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October 8, 1982

Breast Cancer: The Psychological Effects of the Disease and Its Treatment

JAMA. 1982;248(14):1762. doi:10.1001/jama.1982.03330140070046

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Certain parts of the body are more heavily invested with significance and emotionality than others. The heart, for example, has been long and widely extolled in literature and fable. Emerson, in "Ode to Beauty," advocates, "Obey thy heart... Let nothing refuse."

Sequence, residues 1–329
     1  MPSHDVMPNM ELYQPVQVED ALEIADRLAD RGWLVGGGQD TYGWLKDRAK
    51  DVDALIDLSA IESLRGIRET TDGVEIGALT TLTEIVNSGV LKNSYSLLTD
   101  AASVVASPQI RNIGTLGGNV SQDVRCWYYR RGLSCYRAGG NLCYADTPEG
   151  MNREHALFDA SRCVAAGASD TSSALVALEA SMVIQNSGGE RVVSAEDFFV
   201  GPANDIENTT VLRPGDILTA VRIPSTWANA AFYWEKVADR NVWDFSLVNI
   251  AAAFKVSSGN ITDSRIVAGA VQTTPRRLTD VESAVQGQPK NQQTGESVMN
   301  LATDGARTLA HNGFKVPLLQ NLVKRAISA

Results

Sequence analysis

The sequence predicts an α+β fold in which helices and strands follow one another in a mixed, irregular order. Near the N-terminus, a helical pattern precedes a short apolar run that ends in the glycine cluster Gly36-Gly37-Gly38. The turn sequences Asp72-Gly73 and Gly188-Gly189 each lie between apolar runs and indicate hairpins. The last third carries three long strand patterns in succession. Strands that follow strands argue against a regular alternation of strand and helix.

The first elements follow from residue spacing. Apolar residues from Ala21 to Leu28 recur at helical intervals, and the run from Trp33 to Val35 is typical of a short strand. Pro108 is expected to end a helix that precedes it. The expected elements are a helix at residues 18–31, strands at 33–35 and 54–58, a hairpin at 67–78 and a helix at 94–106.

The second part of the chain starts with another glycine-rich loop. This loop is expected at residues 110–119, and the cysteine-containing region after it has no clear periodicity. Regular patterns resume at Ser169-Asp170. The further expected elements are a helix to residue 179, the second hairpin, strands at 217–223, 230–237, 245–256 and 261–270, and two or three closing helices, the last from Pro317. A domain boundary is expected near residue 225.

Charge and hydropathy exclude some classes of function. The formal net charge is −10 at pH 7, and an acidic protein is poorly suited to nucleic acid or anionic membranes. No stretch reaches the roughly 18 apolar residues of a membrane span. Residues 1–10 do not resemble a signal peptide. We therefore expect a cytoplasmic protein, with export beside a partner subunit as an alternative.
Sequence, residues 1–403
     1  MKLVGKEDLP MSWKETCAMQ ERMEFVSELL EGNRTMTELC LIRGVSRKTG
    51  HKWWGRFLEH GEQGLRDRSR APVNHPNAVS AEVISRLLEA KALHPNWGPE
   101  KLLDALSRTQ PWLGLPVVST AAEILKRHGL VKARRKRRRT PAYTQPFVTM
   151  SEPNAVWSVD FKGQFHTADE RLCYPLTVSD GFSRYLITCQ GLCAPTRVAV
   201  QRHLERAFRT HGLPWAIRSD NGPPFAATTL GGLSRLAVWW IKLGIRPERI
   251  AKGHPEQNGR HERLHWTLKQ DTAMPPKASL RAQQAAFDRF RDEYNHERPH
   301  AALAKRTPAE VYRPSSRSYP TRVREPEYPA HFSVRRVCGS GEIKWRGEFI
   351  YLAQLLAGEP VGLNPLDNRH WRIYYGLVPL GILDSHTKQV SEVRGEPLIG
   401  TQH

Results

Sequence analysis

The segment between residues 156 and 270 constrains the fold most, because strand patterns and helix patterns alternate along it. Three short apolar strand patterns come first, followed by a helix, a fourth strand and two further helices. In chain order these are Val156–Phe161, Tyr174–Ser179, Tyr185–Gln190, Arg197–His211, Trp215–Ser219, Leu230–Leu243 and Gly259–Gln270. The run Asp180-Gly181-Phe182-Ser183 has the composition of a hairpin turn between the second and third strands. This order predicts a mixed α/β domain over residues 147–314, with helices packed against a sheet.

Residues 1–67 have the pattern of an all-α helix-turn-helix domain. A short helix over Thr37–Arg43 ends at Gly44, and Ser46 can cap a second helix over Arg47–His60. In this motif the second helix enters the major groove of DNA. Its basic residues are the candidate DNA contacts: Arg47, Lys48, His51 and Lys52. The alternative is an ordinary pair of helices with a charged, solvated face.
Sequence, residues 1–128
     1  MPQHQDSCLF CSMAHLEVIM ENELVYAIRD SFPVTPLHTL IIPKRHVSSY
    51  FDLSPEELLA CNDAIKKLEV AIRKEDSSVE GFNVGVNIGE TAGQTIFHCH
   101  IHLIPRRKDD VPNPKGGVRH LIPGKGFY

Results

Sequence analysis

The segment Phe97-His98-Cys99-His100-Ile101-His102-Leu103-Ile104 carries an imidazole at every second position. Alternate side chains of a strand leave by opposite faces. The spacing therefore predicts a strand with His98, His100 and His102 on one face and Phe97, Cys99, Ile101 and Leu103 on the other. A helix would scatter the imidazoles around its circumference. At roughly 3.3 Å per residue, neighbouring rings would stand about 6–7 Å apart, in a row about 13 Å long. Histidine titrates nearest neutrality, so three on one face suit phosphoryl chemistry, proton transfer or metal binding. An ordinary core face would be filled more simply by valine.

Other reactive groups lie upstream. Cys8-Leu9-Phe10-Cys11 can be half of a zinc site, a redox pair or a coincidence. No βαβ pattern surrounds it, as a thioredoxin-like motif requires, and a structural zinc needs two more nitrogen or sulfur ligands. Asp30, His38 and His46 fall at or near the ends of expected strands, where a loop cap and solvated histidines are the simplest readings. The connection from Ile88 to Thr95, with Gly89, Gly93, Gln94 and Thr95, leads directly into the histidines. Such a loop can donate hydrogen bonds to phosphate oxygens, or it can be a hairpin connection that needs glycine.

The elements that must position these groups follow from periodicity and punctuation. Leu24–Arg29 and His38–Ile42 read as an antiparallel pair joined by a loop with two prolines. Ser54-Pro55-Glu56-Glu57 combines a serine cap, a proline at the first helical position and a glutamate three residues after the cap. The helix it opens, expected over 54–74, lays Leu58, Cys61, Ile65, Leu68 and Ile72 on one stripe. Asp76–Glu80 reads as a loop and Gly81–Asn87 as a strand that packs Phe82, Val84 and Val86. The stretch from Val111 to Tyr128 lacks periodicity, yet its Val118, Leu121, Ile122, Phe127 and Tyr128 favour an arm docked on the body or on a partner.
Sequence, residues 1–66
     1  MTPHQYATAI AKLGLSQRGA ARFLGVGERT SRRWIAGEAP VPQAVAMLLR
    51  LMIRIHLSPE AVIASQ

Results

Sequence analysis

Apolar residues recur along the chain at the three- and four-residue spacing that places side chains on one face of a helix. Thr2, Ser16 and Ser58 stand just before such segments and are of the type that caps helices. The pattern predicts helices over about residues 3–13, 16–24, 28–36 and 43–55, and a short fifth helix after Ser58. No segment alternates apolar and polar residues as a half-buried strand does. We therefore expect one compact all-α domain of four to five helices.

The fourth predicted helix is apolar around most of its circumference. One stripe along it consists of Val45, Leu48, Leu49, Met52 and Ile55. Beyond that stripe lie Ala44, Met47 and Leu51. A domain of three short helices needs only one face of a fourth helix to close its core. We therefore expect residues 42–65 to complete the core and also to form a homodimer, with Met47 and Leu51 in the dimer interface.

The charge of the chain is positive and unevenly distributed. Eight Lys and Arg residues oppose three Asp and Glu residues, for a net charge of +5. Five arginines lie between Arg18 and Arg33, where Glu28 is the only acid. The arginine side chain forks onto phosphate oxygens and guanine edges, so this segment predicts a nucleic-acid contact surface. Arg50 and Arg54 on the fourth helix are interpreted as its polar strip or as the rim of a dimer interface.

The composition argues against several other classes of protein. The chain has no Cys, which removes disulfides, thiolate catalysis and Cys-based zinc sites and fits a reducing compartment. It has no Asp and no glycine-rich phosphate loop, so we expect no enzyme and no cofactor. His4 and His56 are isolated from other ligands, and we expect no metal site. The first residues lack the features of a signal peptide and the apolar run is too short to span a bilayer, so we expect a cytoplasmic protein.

For the developing female, the breasts are the organ that play an important role both symbolically and actually. They are the visible sign that indicate to the adolescent girl that she will be like her mother and other women. The breasts become the emblem of femininity and are a basic core on which women base their self-esteem. In the past, the breasts have even been designated as the seat of woman's emotionality.

The author of this book addresses herself to the psychological response of the woman in whom a malignant neoplasm of the breast develops and who faces loss of this important symbolic organ. She bases her book on